Whether you’re talking about his career or a simple staring contest, SAMUEL L. JACKSON always comes out on top. His buzzed-about new film, The Spirit, promises to keep his winning streak alive.
Only a fool goes mano a mano with Samuel L. Jackson. This is, after all, the man with a twitchy trigger finger, a propensity for rousingly quoting scripture, a preternatural talent for serpent wrangling, a lightning-quick purple light saber, and the most formidable no-nonsense visage since John Wayne.
Nevertheless, you’re sitting across a boardroom table from Jackson, waging war against the involuntary reflexes that are imploring you to blink after 83 seconds of gazing deeply, competitively into his eyes. Call yourself a fool. After all, it was you who suggested the staring contest against this Oscar-nominated man who, according to graphic-novel maestro Frank Miller, writer and director of such films as Sin City and The Spirit (Jackson’s latest), “can scare the hell out of anybody.”
“When you don’t blink, you possess the greater intensity,” Jackson purrs with a velvet cool that belies his feral command. “You can intimidate people. You can let people know you’re really into them, that passion thing. You can convey a terror so great that they cannot look away. You communicate everything with your eyes.”
Then, leaning the slightest bit forward across the table, he adds, “I’m really good at not blinking. So what are we doing here, anyway? How good are you?”
Jungle Fever and one of the most respected, not to mention prolific, actors of his generation. If you do happen to blink, you’re still unlikely to miss Jackson on the big screen; he’s appeared in more than 50 films since 1991’s Jungle Fever and has four slated for release in the next 12 months, including The Spirit. According to Guinness World Records, he’s the highest-grossing actor of all time.
“Sam is so alluring yet so laid-back. He’s magnetic. You want to be around him. You want to see what he’ll do next. You want to share the same air with that man,” says Christina Ricci, who costarred with Jackson in the swampy, sensual drama Black Snake Moan. “Everything Sam does, it’s so cool. It makes you a little cooler, being around him. It probably makes you a little cooler just watching him in the movies.”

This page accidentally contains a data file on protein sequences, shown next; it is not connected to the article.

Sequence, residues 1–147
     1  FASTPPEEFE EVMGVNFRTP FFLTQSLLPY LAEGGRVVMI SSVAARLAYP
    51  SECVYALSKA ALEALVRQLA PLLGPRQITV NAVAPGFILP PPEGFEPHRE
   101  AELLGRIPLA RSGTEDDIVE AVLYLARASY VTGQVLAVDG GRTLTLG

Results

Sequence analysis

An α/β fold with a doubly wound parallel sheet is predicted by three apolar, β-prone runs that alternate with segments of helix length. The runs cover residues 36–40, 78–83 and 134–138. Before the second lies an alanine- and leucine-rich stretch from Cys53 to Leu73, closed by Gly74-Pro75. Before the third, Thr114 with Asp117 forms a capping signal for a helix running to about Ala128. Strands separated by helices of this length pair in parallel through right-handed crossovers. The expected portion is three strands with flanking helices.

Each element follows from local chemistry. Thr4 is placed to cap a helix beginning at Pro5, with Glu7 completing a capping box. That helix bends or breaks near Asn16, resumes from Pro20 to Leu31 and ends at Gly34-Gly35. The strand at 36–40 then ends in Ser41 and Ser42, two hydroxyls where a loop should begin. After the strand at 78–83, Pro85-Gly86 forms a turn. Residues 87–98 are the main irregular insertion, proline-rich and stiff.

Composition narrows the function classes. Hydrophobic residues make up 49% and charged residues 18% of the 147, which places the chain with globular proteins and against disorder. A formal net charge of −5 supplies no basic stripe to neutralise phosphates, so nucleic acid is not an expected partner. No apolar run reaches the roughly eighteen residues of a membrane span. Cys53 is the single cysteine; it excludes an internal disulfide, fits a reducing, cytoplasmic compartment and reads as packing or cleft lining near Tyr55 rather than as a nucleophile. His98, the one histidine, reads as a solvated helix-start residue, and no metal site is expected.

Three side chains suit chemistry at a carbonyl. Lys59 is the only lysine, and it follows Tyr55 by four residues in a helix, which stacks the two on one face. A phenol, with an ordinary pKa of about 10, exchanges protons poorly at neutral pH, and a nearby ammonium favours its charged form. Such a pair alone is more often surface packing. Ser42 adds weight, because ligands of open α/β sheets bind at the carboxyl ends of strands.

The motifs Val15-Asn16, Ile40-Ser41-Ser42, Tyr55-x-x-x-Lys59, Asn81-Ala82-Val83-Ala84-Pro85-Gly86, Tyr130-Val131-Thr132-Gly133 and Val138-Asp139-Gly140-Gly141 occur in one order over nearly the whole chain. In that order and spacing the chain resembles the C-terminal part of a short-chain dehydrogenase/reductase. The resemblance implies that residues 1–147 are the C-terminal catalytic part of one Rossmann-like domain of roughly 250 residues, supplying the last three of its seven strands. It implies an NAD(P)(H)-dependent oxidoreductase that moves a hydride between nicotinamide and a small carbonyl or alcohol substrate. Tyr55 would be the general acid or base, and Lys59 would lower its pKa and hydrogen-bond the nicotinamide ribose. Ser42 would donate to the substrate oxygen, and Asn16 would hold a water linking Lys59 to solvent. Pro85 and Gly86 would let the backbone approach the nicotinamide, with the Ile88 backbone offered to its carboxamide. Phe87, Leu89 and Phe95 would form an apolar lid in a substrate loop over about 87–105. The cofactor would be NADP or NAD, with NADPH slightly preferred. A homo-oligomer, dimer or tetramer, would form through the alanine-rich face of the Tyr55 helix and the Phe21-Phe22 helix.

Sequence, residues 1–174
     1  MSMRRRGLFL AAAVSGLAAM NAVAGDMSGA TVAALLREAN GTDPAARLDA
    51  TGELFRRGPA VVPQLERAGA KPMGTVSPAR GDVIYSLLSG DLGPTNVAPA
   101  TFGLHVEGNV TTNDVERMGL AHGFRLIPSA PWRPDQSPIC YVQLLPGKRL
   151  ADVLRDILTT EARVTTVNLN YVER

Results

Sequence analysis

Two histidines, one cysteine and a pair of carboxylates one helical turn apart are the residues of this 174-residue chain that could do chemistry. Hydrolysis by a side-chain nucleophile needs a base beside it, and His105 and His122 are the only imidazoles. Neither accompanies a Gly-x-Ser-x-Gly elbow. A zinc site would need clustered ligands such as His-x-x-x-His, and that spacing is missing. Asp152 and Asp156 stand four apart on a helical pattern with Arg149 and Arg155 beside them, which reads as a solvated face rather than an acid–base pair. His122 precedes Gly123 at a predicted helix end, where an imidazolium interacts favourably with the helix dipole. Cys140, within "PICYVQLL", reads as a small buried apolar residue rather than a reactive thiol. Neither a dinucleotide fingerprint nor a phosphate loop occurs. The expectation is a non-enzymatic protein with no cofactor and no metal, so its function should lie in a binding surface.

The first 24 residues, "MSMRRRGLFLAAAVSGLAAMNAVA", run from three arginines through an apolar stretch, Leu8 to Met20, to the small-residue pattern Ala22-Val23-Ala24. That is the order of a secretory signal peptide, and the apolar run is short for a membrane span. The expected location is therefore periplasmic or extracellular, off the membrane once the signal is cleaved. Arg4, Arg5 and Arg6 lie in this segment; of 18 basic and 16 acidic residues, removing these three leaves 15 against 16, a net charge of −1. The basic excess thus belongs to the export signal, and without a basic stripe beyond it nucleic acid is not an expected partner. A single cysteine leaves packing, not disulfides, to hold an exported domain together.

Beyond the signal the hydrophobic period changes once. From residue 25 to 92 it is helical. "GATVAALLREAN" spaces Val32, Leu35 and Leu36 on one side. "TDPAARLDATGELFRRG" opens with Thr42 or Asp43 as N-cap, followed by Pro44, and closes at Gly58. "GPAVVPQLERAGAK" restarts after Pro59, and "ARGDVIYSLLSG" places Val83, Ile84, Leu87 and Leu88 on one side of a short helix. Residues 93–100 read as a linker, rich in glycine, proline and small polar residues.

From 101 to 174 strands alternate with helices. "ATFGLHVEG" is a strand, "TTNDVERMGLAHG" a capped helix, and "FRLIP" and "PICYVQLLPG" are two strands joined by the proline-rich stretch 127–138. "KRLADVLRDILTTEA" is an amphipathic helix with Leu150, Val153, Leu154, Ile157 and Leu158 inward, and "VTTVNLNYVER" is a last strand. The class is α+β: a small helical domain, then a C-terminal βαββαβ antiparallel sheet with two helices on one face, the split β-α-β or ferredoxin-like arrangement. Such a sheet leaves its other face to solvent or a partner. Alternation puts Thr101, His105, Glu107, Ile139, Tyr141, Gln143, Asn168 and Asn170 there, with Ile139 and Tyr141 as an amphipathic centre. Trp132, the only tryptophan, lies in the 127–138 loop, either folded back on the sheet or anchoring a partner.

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The 59-year-old Jackson, who once practiced the “don’t blink” trick every day as an acting exercise (and later used it to chilling effect in M. Night Shyamalan’s Unbreakable), believes the key to his success rests in the unadulterated joy he finds in the work. “For me, acting is a huge extension of being a kid. I spent my childhood playing war, and cowboys and Indians, and cops and robbers; jumping out of trees; rolling down hills; playing hide-and-seek, smash and burn,” Jackson says. “I was just getting ready for my job.”
Jackson laughs -- a resonant, rolling rumble of gratitude and rambunctiousness -- and the man’s joie de vivre is as infectious as his intensity is palpable. “In my job, I get to do all that James Cagney stuff -- stagger and fall. It’s a boy’s life,” he says. “Plus, it lets me work out my kinks. Saves a lot of money, [not having to] lie on someone’s sofa.”
In Jackson’s latest foray into cinematic mayhem, The Spirit, he portrays an übervillain known as the Octopus, who is intent on seizing control of the fictional Central City. In the beloved Eisner comic, the Octopus was never shown, save for a pair of gloved hands. Jackson, then, given pretty much carte blanche to bring the character to life, created a baroquely flamboyant vision of madness and evil. His Octopus is Wile E. Coyote by way of Liberace -- a kilt-wearing, missile-toting, wisecracking lunatic who just happens to be indestructible.
“The Octopus is a cartoon buffoon to a lot of people, especially in a visual sense. You look at him and you don’t get the fear thing,” Jackson says. “But he is very dangerous. He’s a little demented, a little twisted, and he knows he’s indestructible, so he walks into situations boldly and wildly. There’s power in being indestructible. I think it makes you crazy, or evil, honestly.”
Deborah Del Prete, producer of The Spirit, says Jackson relished the opportunity to unleash his id in the comic-book universe. “Sam himself is larger than life, which is why he was so perfect for this part,” Del Prete says. “Every day, he brought to the set a sense of fun and excitement, and it was infectious, so everyone on-set was more excited about doing their jobs. He brings so much joy to what he does.”